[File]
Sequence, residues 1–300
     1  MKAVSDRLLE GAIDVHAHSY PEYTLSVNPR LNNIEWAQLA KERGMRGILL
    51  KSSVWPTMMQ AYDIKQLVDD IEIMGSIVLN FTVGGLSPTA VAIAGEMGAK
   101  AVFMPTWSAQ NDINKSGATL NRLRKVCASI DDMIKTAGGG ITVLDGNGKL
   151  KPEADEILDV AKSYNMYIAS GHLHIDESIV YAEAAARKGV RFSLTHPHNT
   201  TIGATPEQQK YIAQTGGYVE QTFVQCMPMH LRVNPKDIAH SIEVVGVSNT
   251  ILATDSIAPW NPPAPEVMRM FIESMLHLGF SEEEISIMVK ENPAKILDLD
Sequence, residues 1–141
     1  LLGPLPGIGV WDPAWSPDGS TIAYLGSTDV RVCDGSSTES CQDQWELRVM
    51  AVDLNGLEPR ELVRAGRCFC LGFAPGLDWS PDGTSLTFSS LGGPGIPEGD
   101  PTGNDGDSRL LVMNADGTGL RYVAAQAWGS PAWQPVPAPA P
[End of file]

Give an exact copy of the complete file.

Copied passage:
Sequence, residues 1–300
     1  MKAVSDRLLE GAIDVHAHSY PEYTLSVNPR LNNIEWAQLA KERGMRGILL
    51  KSSVWPTMMQ AYDIKQLVDD IEIMGSIVLN FTVGGLSPTA VAIAGEMGAK
   101  AVFMPTWSAQ NDINKSGATL NRLRKVCASI DDMIKTAGGG ITVLDGNGKL
   151  KPEADEILDV AKSYNMYIAS GHLHIDESIV YAEAAARKGV RFSLTHPHNT
   201  TIGATPEQQK YIAQTGGYVE QTFVQCMPMH LRVNPKDIAH SIEVVGVSNT
   251  ILATDSIAPW NPPAPEVMRM FIESMLHLGF SEEEISIMVK ENPAKILDLD
Sequence, residues 1–141
     1  LLGPLPGIGV WDPAWSPDGS TIAYLGSTDV RVCDGSSTES CQDQWELRVM
    51  AVDLNGLEPR ELVRAGRCFC LGFAPGLDWS PDGTSLTFSS LGGPGIPEGD
   101  PTGNDGDSRL LVMNADGTGL RYVAAQAWGS PAWQPVPAPA P